At the beginning of March, President Donald Trump announced new tariffs on steel and aluminum. Countries importing these goods to the United States would pay a 25 percent tariff on steel and 10 percent on aluminum. Trump said the tariffs are necessary to protect American industry. However, economists and historians disagree, saying that they will actually end up hurting America more than helping it.
Trump wants tariffs on foreign steel and aluminum. But will this actually hurt the American economy?
The idea behind imposing these high tariffs is to protect American steel and aluminum production.
Trump mentioned raising tariffs during the campaign as part of his "America first" economic policy. The logic is that, by imposing tariffs — or taxes — on foreign imports, American businesses are more likely to use American-made steel and aluminum instead. However, American production in these metals is low compared to the foreign competition. In fact, the steel industry employs around 140,000 people while steel-consuming industries employ 6.5 million. Based on volume alone, American steel production can't meet the demand for what American businesses need. And forcing companies to pay a steep tariff to import won't help the economy at all.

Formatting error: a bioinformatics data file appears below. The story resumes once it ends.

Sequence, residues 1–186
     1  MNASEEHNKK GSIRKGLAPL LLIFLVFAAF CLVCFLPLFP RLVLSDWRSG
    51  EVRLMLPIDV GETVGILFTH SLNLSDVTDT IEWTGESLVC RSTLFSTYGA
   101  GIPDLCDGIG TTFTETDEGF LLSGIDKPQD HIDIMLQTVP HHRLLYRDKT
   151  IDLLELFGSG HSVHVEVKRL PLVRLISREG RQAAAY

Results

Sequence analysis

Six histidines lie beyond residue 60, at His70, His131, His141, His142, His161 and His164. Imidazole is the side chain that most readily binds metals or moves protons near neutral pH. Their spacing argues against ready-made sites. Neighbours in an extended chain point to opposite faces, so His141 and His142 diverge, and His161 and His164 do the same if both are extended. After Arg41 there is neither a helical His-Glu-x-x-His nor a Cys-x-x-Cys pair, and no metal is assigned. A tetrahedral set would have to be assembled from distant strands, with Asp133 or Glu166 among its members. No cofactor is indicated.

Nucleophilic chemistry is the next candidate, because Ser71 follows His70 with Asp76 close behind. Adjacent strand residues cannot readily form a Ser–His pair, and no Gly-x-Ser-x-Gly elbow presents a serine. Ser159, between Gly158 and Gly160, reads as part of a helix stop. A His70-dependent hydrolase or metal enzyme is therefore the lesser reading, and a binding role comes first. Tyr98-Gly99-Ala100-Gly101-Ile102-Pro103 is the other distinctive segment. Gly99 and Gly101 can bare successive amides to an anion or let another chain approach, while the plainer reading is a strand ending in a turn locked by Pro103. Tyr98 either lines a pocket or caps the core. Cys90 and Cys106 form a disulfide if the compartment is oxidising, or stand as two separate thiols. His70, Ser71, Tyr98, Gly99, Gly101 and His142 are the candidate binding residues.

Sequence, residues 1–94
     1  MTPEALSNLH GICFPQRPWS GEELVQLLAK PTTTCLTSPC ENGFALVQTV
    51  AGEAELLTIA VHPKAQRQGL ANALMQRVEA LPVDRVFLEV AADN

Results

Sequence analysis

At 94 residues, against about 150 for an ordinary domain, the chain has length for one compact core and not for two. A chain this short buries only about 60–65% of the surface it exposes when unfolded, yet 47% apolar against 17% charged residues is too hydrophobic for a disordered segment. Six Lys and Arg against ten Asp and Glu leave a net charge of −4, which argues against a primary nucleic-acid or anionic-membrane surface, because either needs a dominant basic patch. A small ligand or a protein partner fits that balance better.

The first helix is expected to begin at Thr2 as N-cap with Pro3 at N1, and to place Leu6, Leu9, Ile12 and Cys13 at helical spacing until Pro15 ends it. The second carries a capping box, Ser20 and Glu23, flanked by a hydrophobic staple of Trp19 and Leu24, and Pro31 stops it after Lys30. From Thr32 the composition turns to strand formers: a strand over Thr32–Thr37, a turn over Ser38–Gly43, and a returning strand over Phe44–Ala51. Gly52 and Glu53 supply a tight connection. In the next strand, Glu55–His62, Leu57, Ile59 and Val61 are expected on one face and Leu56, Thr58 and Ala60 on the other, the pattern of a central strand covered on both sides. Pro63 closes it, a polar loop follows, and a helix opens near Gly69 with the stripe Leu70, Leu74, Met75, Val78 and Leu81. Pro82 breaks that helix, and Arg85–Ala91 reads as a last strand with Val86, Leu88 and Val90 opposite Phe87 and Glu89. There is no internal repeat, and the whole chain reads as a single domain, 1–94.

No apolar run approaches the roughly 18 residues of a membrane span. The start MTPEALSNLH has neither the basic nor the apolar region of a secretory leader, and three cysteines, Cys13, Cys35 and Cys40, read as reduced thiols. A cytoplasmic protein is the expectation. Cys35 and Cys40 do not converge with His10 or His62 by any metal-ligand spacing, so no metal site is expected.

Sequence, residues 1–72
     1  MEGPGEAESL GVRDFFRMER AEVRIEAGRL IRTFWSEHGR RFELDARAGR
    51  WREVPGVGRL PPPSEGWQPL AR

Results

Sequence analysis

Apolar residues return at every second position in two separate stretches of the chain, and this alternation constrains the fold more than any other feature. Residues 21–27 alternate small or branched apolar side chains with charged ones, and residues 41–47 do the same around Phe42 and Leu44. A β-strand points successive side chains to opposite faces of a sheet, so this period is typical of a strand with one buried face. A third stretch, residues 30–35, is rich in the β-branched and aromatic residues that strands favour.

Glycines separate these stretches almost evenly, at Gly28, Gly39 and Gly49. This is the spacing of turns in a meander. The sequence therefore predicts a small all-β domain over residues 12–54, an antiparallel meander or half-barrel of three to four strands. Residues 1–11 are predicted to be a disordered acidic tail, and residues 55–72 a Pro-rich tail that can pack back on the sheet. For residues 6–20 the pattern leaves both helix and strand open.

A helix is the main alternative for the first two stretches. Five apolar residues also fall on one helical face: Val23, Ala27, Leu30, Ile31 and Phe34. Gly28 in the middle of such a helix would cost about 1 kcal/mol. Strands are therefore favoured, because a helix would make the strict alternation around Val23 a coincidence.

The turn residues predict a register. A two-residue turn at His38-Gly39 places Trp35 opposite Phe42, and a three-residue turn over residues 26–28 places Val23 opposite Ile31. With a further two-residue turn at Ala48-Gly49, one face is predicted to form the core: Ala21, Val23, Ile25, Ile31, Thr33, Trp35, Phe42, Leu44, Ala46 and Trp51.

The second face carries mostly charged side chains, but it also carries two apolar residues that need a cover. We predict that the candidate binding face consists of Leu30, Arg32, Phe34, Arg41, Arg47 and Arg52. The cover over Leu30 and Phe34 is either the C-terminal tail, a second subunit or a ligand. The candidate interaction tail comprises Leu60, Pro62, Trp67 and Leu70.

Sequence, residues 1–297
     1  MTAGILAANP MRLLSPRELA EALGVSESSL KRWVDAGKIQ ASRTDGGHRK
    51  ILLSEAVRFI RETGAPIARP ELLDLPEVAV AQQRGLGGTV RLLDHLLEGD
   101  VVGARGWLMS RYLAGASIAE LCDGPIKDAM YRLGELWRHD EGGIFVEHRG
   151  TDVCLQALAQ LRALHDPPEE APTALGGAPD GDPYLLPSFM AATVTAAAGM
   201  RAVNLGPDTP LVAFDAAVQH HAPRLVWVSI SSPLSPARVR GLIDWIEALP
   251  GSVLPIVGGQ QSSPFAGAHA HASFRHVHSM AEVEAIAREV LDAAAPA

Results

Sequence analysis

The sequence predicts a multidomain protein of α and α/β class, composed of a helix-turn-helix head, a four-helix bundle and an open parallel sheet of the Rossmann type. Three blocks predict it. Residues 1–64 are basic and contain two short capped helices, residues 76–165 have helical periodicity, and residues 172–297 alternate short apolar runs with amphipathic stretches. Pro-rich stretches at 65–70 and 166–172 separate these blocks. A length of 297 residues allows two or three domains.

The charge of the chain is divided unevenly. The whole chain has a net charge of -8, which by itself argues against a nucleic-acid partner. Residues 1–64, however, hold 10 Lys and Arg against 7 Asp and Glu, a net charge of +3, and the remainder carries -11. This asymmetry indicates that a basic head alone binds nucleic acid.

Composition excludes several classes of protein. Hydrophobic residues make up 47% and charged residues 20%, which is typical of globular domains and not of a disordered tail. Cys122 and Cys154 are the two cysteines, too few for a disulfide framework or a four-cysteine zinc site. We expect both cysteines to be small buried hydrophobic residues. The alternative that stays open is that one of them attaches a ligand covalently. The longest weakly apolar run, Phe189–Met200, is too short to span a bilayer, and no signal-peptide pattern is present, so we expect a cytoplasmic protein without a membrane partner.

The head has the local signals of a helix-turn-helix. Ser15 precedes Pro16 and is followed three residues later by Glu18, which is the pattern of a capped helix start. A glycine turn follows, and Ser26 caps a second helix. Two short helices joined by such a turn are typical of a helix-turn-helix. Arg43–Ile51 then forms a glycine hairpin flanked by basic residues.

If American companies are forced to pay more for raw materials, that cost will certainly be passed down to the consumer. This will ultimately result in a higher cost to purchase goods. Consumers will likely buy less as a result. And companies will be incentivized to lay off workers to offset the cost. All of this actually ends up harming American business, rather than protecting it.
Steel workers could be the hardest hit by the increased tariffs
But all of this isn't just theory or conjecture. We have already seen the negative impacts of increased tariffs on steel.
President George W. Bush enacted import tariffs in 2002. And an independent study from Trade Partnership Worldwide found that higher steel prices cost 200,000 jobs and total lost wages were about $5.5 billion in today's dollars. That's a huge economic impact, just like Trump is boasting…but not in the way he has predicted.
Additionally, this situation could be exacerbated as foreign governments impose their own tariffs on American goods in retaliation. The European Union has compiled a list of U.S. products that would receive additional import taxes, including bourbon and Harley Davidson motorcycles. All told, this would amount to a 25 percent tariff on $3.5 billion of goods. This would definitely dissuade EU countries from purchasing American products — further worsening the economic situation. If American companies are making less money, they will have less capital to hire and pay employees. This could result in massive layoffs.
With the United States and Europe considering tariffs on imports, this situation echoes of a trade war that took place in the 1930s, just before the Great Depression hit.
The Tariff Act of 1930, also known as the Smoot-Hawley Tariff after the bill's co-sponsors, increased nearly 900 import taxes. In response, nations around the world also hiked their tariffs. This resulted in a trade war that was a contributing factor in worsening the Great Depression.